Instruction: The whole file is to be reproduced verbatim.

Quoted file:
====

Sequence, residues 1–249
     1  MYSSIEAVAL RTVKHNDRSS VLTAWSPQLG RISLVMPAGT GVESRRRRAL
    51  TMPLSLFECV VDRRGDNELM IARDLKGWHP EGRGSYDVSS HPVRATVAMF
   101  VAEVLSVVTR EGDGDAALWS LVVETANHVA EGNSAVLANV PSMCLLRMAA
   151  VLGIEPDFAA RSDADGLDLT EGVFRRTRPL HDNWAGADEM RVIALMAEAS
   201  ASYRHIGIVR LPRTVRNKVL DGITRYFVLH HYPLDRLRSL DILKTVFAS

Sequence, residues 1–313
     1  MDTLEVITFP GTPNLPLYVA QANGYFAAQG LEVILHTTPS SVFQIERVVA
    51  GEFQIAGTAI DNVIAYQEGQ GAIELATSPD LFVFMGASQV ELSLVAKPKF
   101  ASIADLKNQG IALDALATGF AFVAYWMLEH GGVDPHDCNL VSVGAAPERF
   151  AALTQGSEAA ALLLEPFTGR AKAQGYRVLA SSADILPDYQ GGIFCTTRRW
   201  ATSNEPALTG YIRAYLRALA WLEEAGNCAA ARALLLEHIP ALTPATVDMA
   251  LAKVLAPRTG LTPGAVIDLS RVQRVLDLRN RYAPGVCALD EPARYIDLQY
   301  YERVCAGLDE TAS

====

Sequence, residues 1–249
     1  MYSSIEAVAL RTVKHNDRSS VLTAWSPQLG RISLVMPAGT GVESRRRRAL
    51  TMPLSLFECV VDRRGDNELM IARDLKGWHP EGRGSYDVSS HPVRATVAMF
   101  VAEVLSVVTR EGDGDAALWS LVVETANHVA EGNSAVLANV PSMCLLRMAA
   151  VLGIEPDFAA RSDADGLDLT EGVFRRTRPL HDNWAGADEM RVIALMAEAS
   201  ASYRHIGIVR LPRTVRNKVL DGITRYFVLH HYPLDRLRSL DILKTVFAS

Sequence, residues 1–313
     1  MDTLEVITFP GTPNLPLYVA QANGYFAAQG LEVILHTTPS SVFQIERVVA
    51  GEFQIAGTAI DNVIAYQEGQ GAIELATSPD LFVFMGASQV ELSLVAKPKF
   101  ASIADLKNQG IALDALATGF AFVAYWMLEH GGVDPHDCNL VSVGAAPERF
   151  AALTQGSEAA ALLLEPFTGR AKAQGYRVLA SSADILPDYQ GGIFCTTRRW
   201  ATSNEPALTG YIRAYLRALA WLEEAGNCAA ARALLLEHIP ALTPATVDMA
   251  LAKVLAPRTG LTPGAVIDLS RVQRVLDLRN RYAPGVCALD EPARYIDLQY
   301  YERVCAGLDE TAS